How to Regrip a Golf Club

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Repeated swings with a golf club can wear down and smooth out even the most expensive grip. Regripping your clubs when they become worn can solve this problem before you fling your 5-iron 40 yards down the fairway. Golf shops can replace your grips, but this can also be done at home if you have the right materials.

Things You'll Need

  • Vise or clamp
  • Razor blade or utility knife
  • Two-sided grip tape
  • Grip solvent
  • Choose your desired grip. These come in varying sizes and styles to suit all levels of golfers. A store assistant or PGA professional can help in choosing the right grip for you and your game. Match the size of the grip to the size of the shaft.

  • Secure the club's shaft below the grip horizontally in the vise or clamp. The closer to the grip the vise is positioned, the more stable the grip will be as you work with it. Make sure the club face is secured in playing position, perpendicular to the floor.

  • Strip the old grip by slicing it in a straight line up the side with the utility knife. Remove all tape and excess material until only the club's shaft remains. For graphite shafts, use a utility knife with a hook blade. A regular flat blade can damage the surface and integrity of the graphite.

  • Wrap the shaft along its length with the double-sided tape. This process will be easiest using 2-inch tape. Measure a single length of tape equal to the grip itself, plus a quarter inch, and apply the centerline of the tape lengthwise along the shaft, leaving the extra quarter-inch of tape at the top. Flatten the tape so that it surrounds the shaft. Expose the sticky backing of the tape and press down on the excess portion at the top to cover the hole in the shaft, keeping the tape as flat as possible.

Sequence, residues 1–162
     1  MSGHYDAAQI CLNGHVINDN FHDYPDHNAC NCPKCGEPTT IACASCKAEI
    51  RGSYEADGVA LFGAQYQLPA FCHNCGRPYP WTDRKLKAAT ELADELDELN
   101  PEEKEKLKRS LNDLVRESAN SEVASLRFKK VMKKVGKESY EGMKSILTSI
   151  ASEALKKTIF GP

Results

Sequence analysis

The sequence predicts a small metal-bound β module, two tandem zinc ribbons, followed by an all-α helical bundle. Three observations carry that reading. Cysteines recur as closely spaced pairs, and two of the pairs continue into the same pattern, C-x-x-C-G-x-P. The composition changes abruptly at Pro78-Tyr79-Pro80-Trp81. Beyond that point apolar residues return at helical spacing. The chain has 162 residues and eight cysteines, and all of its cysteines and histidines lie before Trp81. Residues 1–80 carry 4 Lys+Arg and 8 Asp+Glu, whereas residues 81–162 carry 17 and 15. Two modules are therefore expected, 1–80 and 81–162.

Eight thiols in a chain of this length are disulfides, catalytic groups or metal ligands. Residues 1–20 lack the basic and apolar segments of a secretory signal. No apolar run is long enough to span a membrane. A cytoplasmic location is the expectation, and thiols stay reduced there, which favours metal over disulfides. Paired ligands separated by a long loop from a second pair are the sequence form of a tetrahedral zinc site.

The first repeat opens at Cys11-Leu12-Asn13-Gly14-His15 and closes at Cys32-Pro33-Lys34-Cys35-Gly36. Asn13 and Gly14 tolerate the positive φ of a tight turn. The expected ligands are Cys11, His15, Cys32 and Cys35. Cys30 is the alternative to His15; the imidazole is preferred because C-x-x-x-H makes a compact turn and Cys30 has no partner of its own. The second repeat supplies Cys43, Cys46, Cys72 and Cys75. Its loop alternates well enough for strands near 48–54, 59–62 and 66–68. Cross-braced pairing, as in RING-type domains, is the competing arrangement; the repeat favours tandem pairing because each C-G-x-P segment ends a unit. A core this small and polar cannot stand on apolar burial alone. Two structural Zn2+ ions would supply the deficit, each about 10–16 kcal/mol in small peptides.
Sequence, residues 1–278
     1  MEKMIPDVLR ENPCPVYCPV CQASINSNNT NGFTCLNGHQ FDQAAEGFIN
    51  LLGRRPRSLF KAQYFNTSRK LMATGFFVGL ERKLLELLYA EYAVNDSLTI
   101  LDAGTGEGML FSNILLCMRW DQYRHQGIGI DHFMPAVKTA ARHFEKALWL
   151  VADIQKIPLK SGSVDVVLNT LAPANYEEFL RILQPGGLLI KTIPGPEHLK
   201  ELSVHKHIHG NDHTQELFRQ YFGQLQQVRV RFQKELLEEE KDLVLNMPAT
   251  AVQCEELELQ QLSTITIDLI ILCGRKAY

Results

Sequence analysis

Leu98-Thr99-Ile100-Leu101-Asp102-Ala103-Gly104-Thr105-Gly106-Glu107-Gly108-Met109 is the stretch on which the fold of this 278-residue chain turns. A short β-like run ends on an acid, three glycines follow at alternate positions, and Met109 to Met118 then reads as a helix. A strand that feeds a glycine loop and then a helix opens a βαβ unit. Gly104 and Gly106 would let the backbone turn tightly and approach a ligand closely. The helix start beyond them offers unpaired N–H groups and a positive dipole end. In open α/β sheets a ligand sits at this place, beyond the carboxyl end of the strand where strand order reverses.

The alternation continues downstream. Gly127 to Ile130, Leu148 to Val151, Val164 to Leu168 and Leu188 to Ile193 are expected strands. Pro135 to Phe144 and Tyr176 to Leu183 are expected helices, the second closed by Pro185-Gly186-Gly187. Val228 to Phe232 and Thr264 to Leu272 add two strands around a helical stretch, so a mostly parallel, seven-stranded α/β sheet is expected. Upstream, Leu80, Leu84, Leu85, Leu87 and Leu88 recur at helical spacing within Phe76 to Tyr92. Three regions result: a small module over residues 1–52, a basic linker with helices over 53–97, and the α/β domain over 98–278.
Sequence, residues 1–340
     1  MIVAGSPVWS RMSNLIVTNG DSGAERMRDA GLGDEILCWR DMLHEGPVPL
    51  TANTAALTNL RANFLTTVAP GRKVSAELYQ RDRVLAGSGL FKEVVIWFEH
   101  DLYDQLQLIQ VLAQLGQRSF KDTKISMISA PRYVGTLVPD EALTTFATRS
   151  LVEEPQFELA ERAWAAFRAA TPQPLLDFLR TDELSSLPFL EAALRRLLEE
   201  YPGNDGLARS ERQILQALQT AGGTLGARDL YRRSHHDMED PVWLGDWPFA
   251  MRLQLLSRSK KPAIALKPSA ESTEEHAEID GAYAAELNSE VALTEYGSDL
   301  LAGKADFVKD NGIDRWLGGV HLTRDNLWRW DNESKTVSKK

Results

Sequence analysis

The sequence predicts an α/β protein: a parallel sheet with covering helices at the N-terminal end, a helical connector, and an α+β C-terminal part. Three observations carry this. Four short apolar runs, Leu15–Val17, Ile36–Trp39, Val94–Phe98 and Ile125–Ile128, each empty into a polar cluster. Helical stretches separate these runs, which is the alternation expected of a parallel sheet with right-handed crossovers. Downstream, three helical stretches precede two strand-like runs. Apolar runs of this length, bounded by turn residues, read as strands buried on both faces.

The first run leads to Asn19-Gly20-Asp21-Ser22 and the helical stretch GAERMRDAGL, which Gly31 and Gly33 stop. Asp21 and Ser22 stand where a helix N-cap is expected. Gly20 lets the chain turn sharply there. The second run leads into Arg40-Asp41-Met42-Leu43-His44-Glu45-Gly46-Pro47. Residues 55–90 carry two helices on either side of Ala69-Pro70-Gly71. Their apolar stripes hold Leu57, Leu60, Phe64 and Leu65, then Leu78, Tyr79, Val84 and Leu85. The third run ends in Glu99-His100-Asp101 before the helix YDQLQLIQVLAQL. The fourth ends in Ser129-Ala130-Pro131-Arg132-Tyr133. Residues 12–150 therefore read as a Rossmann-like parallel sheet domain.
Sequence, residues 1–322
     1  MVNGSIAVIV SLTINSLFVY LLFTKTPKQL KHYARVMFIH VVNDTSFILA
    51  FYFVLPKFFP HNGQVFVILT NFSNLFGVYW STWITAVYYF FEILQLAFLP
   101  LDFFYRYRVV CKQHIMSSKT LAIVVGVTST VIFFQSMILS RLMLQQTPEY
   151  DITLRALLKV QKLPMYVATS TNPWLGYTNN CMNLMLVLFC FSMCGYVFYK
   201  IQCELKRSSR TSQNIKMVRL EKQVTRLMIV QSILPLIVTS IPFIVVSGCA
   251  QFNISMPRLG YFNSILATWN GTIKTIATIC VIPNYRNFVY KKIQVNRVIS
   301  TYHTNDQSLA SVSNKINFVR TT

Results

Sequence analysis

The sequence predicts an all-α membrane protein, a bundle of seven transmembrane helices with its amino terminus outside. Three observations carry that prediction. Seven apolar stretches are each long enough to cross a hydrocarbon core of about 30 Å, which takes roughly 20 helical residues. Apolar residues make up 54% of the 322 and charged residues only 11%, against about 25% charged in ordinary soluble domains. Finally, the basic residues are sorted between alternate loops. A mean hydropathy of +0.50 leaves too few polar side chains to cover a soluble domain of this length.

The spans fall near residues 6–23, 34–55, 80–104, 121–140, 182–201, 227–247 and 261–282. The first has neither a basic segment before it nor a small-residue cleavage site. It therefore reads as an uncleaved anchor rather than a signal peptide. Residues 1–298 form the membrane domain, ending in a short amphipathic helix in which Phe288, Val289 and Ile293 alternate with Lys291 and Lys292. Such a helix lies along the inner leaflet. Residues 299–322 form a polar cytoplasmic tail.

• Prepare the grip itself by covering the vent hole at the top with your fingertip and pouring in enough grip solvent to coat the interior. Cover the large hole as well with the palm of your other hand and shake to distribute throughout. Any excess solvent should be poured out onto the taped-up portion of the shaft and spread evenly.

  • Squeeze just beneath the open end of the grip to create an oval shape and place it around the end of the shaft. Next, make sure the grip is parallel to the floor and use both hands to slide the grip onto the shaft in a smooth motion. Do this while the solvent is still wet and align the patterns with the club face. The grip pattern can be aligned after it is installed, but must be done before the solvent dries completely.

Tips & Warnings

  • Allow the replaced grip to dry for several hours before playing.
  • When you install the shaft, push the butt of the grip as far as possible onto the shaft to ensure there is no extra space.
  • As you pour the grip solvent onto the shaft, place a pan beneath it to catch the excess and save the solvent for future use.
  • You can also align narrower tape in a spiral pattern, where you begin at the top and tape downward at a slight angle, with as little space left between each row of tape as possible. This type of taping requires narrower, 3/4-inch tape and takes longer than taping down the shaft with the wider option.

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  • Photo Credit Jupiterimages/liquidlibrary/Getty Images
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